The International Society for First World War Studies’ ninth conference, ‘War Time’, drew together emerging and leading scholars to discuss, reflect upon, and consider the ways that time has been conceptualised both during the war itself and in subsequent scholarship. War Time: First World War Perspectives on Temporality, stemming from this 2016 conference, offers its readers a collection of the conference’s most inspiring and thought-provoking papers from the next generation of First World War scholars. In its varied yet thematically-related chapters, the book aims to examine new chronologies of the Great War and bring together its military and social history. Its cohesive theme creates opportunities to find common ground and connections between these sub-disciplines of history, and prompts students and academics alike to seriously consider time as alternately a unifying, divisive, and ultimately shaping force in the conflict and its historiography. With content spanning land and air, the home and fighting fronts, multiple nations, and stretching to both pre-1914 and post-1918, these ten chapters by emerging researchers (plus an introductory chapter by the conference organisers, and a foreword by John Horne) offer an irreplaceable and invaluable snapshot of how the next generation of First World War scholars from eight countries were innovatively conceptualising the conflict and its legacy at the midpoint of its centenary.
Table of Contents
Contents;Foreword by John Horne;List of Contributors;Acknowledgements;Introduction ;Louis Halewood, Adam Luptak and Hanna Smyth;Section I: Speed, Pacing, & Suspension;No Time To Waste: How German military authorities attempted to speed up the recovery of soldiers in home front hospitals, 1914-1918. ;Alina Enzensberger ;Fast Therapy and Fast Recovery: The Role of Time for the Italian Neuropsychiatric Service in the War Zones. ;Anna Grillini;A Stitch in Time: Inefficiency and the Appeal of Patriotic Work in Australia and Canada. ;Steve Marti;Slow Going: Wartime Affect and Small Press Modernism. ;Cedric Van Dijck;Section II: Reorientation & Memory;"It is at night-time that we notice most of the changes in our life caused by the war": War-time, Zeppelins and Children’s Experience of the Great War in London. ;Assaf Mond;Time, Space, and Death: Germany’s Living and Lost Aviators of the First World War. ;Robert William Rennie;The Photo Albums of the First World War: Composing and Practicing the Images of the Time of Destruction. ;Erica Grossi; Section III: Relationship Between Past, Present, & Future;Brothers – and Sons – in Arms: First World War Memory, the Life Cycle, and Generational Shifts during the Second World War. ;Ashley Garber;Between Passatism and Futurism: The Rites of Consecration to the Sacred Heart of Jesus in a Transnational Perspective (1914-1919). ;Sante Lesti;Hoping for Victorious Peace: Morale and the Future on the Western Front, 1914-1918.;Alexander C. Mayhew;Index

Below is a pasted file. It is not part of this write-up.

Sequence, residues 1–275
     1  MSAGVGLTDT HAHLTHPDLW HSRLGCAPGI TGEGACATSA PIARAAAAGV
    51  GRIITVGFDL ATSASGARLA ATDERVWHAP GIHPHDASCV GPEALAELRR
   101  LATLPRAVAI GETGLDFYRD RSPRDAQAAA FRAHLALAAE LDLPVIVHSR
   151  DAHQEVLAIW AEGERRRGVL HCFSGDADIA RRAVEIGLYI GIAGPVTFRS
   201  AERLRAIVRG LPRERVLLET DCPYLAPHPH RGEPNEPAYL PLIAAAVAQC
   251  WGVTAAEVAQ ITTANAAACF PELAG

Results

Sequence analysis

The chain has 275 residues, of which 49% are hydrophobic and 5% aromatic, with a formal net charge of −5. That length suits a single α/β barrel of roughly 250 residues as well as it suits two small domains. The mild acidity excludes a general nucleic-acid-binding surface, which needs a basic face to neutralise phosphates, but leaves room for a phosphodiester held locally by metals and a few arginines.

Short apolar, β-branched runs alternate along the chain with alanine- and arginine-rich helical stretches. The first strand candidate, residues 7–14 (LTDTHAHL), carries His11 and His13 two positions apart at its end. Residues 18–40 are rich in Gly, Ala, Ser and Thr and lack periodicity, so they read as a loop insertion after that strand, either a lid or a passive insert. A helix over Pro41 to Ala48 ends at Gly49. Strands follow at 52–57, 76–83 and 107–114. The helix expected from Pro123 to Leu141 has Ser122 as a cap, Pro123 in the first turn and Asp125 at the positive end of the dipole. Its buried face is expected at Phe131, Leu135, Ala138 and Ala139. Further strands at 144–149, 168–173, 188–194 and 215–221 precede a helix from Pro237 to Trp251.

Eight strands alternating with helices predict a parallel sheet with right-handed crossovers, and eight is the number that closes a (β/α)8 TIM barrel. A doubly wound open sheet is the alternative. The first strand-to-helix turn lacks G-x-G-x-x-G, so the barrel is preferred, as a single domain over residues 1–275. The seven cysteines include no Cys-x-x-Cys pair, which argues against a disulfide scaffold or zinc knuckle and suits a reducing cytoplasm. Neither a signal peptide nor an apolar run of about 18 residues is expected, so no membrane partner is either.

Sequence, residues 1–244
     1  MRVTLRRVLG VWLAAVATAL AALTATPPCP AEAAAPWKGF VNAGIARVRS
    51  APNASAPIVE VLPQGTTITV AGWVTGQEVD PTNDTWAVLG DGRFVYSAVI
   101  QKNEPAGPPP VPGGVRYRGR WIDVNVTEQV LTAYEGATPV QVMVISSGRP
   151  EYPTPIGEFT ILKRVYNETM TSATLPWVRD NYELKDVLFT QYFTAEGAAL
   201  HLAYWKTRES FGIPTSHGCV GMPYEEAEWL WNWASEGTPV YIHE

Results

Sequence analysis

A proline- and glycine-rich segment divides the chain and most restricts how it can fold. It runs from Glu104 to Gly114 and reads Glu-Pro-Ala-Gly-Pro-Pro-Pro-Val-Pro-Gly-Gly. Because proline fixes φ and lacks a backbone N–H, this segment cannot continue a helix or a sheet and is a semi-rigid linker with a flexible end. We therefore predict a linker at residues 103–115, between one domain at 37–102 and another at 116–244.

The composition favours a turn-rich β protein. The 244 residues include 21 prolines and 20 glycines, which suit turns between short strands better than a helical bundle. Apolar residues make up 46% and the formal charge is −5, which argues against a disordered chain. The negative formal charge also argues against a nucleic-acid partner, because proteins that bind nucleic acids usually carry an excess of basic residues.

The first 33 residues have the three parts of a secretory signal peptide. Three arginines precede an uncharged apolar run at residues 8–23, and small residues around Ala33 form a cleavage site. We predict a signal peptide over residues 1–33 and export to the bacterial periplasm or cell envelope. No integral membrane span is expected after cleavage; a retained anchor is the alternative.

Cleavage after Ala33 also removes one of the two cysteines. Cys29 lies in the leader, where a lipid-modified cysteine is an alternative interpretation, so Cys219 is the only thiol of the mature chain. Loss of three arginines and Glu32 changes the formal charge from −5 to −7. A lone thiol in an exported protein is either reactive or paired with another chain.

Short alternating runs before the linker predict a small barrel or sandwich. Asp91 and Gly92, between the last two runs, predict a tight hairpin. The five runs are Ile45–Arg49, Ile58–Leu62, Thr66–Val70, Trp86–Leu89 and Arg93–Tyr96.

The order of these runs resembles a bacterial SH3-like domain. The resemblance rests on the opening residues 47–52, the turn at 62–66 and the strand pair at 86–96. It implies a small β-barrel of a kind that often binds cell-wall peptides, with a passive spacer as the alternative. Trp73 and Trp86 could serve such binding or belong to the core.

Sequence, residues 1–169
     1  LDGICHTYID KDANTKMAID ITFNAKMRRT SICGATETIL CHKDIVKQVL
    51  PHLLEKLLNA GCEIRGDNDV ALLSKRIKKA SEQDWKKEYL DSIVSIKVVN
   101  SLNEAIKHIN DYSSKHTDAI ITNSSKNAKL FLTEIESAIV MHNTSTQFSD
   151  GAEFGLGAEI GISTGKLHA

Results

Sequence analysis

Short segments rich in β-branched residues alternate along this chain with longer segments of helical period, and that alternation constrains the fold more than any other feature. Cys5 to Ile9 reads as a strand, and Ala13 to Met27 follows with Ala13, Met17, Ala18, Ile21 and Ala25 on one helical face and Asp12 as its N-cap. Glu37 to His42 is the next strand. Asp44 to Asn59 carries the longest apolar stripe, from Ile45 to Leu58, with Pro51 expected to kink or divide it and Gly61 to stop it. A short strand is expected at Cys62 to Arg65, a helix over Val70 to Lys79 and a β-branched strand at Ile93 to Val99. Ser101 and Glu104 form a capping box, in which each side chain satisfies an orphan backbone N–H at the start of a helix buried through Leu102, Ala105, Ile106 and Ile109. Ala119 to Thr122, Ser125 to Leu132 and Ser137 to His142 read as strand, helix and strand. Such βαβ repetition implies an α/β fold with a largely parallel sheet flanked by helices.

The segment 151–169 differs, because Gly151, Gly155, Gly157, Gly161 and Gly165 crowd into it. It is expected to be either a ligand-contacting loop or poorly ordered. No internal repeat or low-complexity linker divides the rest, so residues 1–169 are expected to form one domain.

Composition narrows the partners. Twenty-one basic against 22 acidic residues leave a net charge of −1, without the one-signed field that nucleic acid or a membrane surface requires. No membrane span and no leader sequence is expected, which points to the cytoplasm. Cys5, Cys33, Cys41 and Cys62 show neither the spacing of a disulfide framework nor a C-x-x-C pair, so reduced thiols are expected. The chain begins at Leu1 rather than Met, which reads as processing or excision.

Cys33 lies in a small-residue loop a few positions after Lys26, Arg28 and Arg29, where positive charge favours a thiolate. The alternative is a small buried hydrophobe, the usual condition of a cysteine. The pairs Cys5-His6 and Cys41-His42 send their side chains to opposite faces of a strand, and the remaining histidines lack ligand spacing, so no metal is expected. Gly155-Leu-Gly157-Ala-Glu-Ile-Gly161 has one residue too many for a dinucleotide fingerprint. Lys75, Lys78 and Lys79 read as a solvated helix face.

Louis Halewood is a DPhil student in History at Merton College, University of Oxford. His research analyses visions of a new world order, and the role of maritime power in its creation and underpinning, in Britain, France, and the United States between 1890 and 1922.
Adam Luptak is a DPhil student in History at Oriel College, University of Oxford. His research explores the topic of disabled veterans of the Great War in interbellum Czechoslovakia.
Hanna Smyth is a DPhil student in Global and Imperial History at Exeter College, University of Oxford. Her research is transnational comparison of Imperial War Graves Commission sites on the Western Front, examining how they represented different aspects of South African, Indian, Canadian, and Australian identities in the 1920s-1930s.
"The First World War was one of the most cataclysmic events of the 20th century. For many, the world stood still; for others their worlds were shaken beyond imagination. By placing time as the central framework of analysis, this collection of essays – based on research by up-and-coming scholars – pushes our understanding of the war and the experiences of those who lived through it in new directions. As we move beyond the centenary of the First World War, this volume is testimony to the fact that its historiography has never been in a more exciting place."
- Professor Catriona Pennell, University of Exeter